Deployment Architecture

Distributed Splunk workflow understanding

Explorer

Hello Splunkers!
I am currently setting up a distributed Splunk system in our company.
It consists of: 2 Indexers and a Cluster Master Node, a standalone Search Head and a standalone Deployer/License Master.
Please help me to clarify the logic behind such system.
As far as I understand it currently, the complete workflow looks like the following:
1. Forwarders send data directly to the Indexers (to both of them by turn, as it's configured with inputs.conf), they use TCP:9997 for that type of communication.
2. After the data reaches one of the Indexers, it got indexed first, than Indexers replicate received data to each other, using TCP:8080 for that.
That's it with data getting into Splunk.
After it's indexed, we could start searching, and that's how it works, as I see:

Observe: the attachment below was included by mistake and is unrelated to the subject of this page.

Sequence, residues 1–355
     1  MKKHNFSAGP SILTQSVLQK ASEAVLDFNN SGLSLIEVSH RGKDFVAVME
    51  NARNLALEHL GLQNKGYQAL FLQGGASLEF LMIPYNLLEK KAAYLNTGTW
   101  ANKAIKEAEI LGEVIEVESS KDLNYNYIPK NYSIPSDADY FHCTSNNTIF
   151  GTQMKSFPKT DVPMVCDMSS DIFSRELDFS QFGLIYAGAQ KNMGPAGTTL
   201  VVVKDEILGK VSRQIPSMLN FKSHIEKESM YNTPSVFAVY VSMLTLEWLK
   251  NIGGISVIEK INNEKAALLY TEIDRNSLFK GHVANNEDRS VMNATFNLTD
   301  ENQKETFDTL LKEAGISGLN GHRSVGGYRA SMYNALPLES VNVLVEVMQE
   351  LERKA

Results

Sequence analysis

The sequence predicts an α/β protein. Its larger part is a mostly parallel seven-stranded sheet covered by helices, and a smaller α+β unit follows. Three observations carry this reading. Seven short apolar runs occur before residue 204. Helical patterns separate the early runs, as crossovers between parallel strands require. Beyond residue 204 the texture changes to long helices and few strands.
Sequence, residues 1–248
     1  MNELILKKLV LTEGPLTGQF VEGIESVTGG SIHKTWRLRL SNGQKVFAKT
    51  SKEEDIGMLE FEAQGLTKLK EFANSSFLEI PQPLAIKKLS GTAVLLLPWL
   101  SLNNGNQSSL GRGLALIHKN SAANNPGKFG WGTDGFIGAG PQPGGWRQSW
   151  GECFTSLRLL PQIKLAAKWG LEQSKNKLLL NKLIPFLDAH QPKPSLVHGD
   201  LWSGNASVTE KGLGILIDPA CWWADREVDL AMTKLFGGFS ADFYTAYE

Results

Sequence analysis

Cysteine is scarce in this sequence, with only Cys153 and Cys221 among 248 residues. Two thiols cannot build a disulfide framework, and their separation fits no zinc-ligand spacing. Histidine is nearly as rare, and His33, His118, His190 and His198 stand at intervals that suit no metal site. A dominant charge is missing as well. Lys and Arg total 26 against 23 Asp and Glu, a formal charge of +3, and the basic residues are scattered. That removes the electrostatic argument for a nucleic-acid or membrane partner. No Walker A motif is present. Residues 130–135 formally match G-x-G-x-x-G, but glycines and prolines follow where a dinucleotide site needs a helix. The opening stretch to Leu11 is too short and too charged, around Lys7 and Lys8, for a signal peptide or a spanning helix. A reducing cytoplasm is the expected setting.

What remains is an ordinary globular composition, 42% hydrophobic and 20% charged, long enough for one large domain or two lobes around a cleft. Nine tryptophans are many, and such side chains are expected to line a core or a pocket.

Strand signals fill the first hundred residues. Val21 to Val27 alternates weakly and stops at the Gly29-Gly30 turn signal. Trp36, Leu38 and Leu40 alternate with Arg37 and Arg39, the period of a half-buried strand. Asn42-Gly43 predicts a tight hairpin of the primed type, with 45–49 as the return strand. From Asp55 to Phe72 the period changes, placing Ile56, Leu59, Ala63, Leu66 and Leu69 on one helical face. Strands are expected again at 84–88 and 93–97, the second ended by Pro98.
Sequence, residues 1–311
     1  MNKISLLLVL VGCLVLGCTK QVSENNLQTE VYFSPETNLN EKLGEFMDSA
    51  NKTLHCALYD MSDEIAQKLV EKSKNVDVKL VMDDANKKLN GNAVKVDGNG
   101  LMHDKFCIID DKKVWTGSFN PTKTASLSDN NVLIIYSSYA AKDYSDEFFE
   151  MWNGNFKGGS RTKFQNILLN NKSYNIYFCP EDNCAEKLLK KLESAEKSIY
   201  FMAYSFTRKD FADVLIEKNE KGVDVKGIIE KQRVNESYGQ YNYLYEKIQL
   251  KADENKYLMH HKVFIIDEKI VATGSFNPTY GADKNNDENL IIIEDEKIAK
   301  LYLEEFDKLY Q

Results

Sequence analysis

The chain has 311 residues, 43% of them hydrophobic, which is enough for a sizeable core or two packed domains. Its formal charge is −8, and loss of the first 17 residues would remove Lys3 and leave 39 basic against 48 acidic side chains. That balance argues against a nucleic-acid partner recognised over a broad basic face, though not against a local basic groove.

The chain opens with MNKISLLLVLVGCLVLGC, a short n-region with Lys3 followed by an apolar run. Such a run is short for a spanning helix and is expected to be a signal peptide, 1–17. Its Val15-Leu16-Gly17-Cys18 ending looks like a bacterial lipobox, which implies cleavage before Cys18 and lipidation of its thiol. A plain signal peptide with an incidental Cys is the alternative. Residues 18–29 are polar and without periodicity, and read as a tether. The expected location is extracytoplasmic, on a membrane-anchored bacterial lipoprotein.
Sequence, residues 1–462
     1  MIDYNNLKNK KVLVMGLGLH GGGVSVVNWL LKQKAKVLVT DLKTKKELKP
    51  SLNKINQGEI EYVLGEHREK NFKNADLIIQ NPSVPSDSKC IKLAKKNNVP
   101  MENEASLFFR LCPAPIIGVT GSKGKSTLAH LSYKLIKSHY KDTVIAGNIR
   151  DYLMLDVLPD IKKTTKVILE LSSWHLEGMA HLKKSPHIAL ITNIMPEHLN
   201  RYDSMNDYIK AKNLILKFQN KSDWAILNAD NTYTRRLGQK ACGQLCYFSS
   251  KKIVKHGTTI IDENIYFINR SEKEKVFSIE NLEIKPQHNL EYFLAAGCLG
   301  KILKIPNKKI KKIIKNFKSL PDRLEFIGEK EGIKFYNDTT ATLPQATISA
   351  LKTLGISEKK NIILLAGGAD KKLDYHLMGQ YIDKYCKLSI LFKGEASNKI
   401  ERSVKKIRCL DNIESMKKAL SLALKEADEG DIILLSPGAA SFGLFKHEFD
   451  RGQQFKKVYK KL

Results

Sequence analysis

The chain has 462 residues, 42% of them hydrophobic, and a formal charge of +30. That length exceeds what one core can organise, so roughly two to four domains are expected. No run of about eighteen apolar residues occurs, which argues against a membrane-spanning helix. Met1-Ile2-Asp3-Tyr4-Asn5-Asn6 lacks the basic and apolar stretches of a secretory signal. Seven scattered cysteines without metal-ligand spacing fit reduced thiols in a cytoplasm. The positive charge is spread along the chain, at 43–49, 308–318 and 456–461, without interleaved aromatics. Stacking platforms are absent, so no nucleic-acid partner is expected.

3. We get into the Search Head via web, using TCP:8000, then we type a query and the search itself begins.
4. Search Head tells the Master Node what exact kind of data needs to be found, using TCP:8089.
5. Then, the Master Node tells the Indexers what kind of data they need to give back, using again TCP:8089.
6. Then, both Indexers (Search Factor=Replication Factor=2) send the search result to the Master Node simultaneously (Improving the search speed) via TCP:8089.
7. And after that, the Master Node finally sends the search result to the Search Head via again TCP:8089, where it's available for a user.

If that is all described correctly, then I have one more question on License counting: Does each separate indexer tell the License server about how much data it has collected, or the Indexing Cluster Master Node tells the License Server what amount of data has been indexed by the Indexers?

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1 Solution